# Towards Digital Twinning of Fabrication Lines in Shipyards

^{*}

## Abstract

**:**

## 1. Introduction

#### Brief Literature Review

## 2. Mathematical Modeling

#### 2.1. The Finite-State Method

^{n}is the total number of split flows of the nth order and $\sum _{i=1}^{{K}^{n}}{r}_{i}^{n}}=1$ (Figure 1). The primary flow is composed of S machines and S−1 buffers, where S stands for a machine that performs the flow splitting, while the total numbers of machines and buffers in a line equal M and M−1, respectively. Each machine (m

_{i}, I = 1, 2, …, M) is of the Bernoulli reliability (${p}_{i}\sim Bernoulli\left({p}_{i}\right)$), and it is thus in the state {up} with the probability p

_{i}and in the state {down} with the probability 1−p

_{i}. Each buffer (b

_{i}, i = 1, 2, …, M−1) is of the capacity N

_{i}, where N

_{i}∈ N. The system at hand obeys the mass conservation law; thus, material can enter it only at the first machine, while it exits the system only at the last machine of a particular branch. In addition, the usual assumptions on the infinite capacities of supply and delivery storage, as well as the homogeneity of the machine cycles, hold.

_{m}) of the primary flow and the weakest machine ${\left({\mathrm{m}}_{i}^{n}\right)}_{m}$ associated with the ith secondary flow of the nth order. Hence, its reliability (${\left({p}_{i}^{n}\right)}_{m}$) equals

^{n}and ${p}_{m}^{0}=\mathrm{min}\left({p}_{1},{p}_{2},...,{p}_{S}\right)$, while p

_{ζ}stands for a set of machines that form the ith secondary flow of the nth order. Once the weakest machines have been identified, M−1 finite-state elements can be established. An example of the finite-state element arrangement along the hypothetical splitting line concerning the weakest machines is presented in Figure 2, where their general classification into upstream and downstream elements can be noted.

^{e}is the total capacity of buffer b

_{e}, while p

_{L}and p

_{R}stand for the reliabilities of the left-hand-side and right-hand-side machines of the two-machine–one-buffer problem. Thus, in the case of upstream elements, p

_{L}always equals p

_{e}, while p

_{R}amounts to ${\left({p}_{i}^{n}\right)}_{m}$. Conversely, in the case of downstream elements, p

_{L}equals ${\left({p}_{i}^{n}\right)}_{m}$, and p

_{R}amounts to p

_{e}. Once the distributions $\u2329{P}^{e}\u232a$ are known, the system-level steady-state probability distribution ($\u2329P\u232a$) can be determined by assuming the independence of events at each buffer. Therefore, the probability that the production system at hand is in the state h, h = 1, 2, …, D, where $D={\displaystyle \prod _{i=1}^{M-1}\left({N}_{i}+1\right)}$, equals

_{i}, i = 1, 2, …, M−1, is the state of the buffer b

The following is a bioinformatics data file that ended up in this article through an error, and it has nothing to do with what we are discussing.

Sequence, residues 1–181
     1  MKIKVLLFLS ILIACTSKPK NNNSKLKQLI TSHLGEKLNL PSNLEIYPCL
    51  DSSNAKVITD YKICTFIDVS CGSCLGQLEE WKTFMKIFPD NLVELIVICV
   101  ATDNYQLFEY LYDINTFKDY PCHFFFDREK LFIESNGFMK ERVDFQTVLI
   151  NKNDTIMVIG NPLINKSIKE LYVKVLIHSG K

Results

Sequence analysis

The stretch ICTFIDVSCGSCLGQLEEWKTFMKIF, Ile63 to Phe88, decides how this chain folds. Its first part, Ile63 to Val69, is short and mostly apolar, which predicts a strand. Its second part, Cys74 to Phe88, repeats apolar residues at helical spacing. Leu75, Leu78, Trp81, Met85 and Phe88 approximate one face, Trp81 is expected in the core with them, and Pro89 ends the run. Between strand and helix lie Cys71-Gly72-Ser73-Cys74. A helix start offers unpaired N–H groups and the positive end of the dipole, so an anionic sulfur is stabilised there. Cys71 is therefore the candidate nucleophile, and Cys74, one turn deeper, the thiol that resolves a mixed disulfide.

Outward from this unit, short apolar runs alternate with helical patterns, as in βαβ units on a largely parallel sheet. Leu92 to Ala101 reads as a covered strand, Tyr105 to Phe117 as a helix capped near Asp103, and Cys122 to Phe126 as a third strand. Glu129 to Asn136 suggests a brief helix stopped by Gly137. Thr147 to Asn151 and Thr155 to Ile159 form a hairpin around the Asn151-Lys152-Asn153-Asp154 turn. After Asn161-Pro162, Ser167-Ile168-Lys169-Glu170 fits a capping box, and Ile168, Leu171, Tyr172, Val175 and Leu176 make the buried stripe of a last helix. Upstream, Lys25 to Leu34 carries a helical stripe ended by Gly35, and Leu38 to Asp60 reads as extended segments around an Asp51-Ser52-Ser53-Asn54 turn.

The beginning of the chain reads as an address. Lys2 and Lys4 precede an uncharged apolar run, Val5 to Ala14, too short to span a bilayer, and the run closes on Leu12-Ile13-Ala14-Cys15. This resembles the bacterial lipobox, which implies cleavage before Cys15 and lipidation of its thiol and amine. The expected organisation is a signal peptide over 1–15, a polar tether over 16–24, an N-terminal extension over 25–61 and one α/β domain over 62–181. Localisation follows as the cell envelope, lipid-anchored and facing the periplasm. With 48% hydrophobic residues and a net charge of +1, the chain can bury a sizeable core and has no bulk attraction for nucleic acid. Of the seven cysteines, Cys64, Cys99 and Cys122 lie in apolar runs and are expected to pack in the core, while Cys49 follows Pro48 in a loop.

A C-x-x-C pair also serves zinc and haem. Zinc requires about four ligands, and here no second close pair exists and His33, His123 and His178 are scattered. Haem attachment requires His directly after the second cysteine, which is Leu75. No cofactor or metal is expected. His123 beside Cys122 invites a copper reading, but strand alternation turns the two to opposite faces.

_{i}. Equation (4) is also known as the system-level steady-state probability distribution.

#### 2.2. Key Performance Indicators

_{ξ}), as an expected number of finished products per cycle time, equals

_{i}) can be determined as follows:

_{i}) of machines other than those performing the splitting of the material flows is equal to

_{M}= 0. However, the probability of blockage is more complex in the case of splitting machines, as it is influenced by events originating from different secondary flows. Thus, BL

_{ψ}, where ψ = {S, S + R

_{1}, S + R

_{1}+ R

_{2}, …}, equals

_{i}, i = 1, 2, …, K

^{n}, is a set of buffers corresponding to the ith secondary flow and placed immediately after the splitting point (χ) in the system. Finally, the probability of starvation (ST

_{i}) of the ith machine in the system (except the first one that is, by definition, never starved) takes a simpler form:

#### 2.3. Digital Threading

## 3. Application of the Developed Theory

_{6}and m

_{21}) and cutting (machines m

_{7}, m

_{9}, m

_{13}, m

_{15}, m

_{22}, and m

_{24}) operations, respectively. Thus, in total, four separate models can be formulated, two of them corresponding to plate fabrication (models A1 and A2), and two in the case of profile processing (models B1 and B2) (Figure 5). A detailed list of the operations attributed to each machine is presented in Table 1, along with the pertaining reliability data. Moreover, a breakdown of the buffering capacities is listed in Table 2. The machine reliability data were determined on the shipyard’s floor using a digital thread in such a way that each working station was related to a dedicated database storing operative logs and indicating the time that each machine spent in the states {up} and {down}. Recall that the state {down} stands for the portion of time spent in breakdown, repair, or maintenance. Thus, the probability that the machine (m